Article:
Monthly statement fee: $5 – they charge you to get a statement, this is pretty common. One thing to be careful of is, if you switch payment processors and you don’t cancel with your old one they will continue to charge you the monthly statement fee and you may not notice a $5 ACH from your bank account if you have a lot of transactions. I also don’t think you can opt out of this and go without a statement (not that you would want to).

Visa trans fee @ 0.20 – this is really sneaky. The merchant in this case thought that he had negotiated a 0.00 per transaction fee with his processor, which the first page of the bill would seem to verify. However, the processor really just moved the transaction fee to another part of the bill and he is still getting charged $0.20 for each transaction.

AVS trans fee @ 0.05 – mostly AVS (Address Verification Service) is used by online merchants as a means to reducing fraud. Basically you ask the customer their zipcode and street address which is then matched against those on record with their credit card issuer. This method, also used increasingly in grocery store, convenience stores and gas stations, is highly effective because oftentimes someone in possession of a stolen card or card number won’t know this information. However, the communication with the credit card company to verify the address does have a charge, in this case 0.05 / transaction.

MC trans fee @ 0.20 – same as Visa, explained above.

T&E fees – T&E refers to Travel and Entertainment. In order to pay for the perks that people using points cards or corporate rewards cards get, the issuing bank charges your payment processor extra fees. These are a part of that.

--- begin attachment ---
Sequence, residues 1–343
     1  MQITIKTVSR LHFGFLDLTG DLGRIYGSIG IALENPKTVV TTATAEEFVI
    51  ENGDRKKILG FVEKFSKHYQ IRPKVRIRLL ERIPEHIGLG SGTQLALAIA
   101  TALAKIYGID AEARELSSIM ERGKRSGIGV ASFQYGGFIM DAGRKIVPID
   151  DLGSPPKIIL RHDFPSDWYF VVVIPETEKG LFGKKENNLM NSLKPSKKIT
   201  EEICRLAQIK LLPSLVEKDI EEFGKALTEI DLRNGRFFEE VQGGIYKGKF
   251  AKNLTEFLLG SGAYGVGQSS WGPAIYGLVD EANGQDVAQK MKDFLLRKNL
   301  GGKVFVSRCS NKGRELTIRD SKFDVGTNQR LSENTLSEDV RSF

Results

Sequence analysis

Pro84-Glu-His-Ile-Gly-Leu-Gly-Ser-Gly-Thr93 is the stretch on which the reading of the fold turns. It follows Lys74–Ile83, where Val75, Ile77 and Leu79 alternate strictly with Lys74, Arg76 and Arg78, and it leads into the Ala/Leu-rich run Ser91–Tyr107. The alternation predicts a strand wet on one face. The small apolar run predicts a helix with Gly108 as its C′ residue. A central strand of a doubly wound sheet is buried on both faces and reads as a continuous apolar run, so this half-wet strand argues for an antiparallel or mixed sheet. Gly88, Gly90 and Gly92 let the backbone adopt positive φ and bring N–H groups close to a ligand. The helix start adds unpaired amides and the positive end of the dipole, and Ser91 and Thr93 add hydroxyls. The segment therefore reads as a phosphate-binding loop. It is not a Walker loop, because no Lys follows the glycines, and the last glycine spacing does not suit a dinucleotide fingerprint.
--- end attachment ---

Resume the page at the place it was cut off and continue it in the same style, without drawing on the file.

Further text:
Batch Header Fee – One of the main jobs that your processor does is gather up all your transactions for the day, combine them with other merchant’s transactions, figure out how much each issuing bank (like Capital One or MBNA) owes, ACHs that much from the issuing bank, figures out how much of that amount belongs to each of their merchants and then ACHs your share to you. This Batch Header Fee (in this case $0.25 per transaction) is a charge for that service. It can usually be negotiated down to nothing.

Mid Qualified Trans – Earlier in this document I described that most merchants are charged according to three-tier pricing. That means that each transaction, depending on the circumstances of the transaction, are classified into one of 3 buckets or tiers (Qualifying, Mid-Qualifying and Non-Qualifying).  What determines those tiers is complicated, depends on the situation and is covered in the article on tiered pricing.  The most important thing to recognize is that you get charged SIGNIFICANTLY extra for Mid and Non qualifying transactions and this practice of Marking Up The Downgrades is one of the ways that your processor makes most of their money.

Non Qualified Trans – Same story as the Mid Qualified, only for even more expensive kinds of cards. Mostly, foreign-issued cards (including Canada) fall into this category.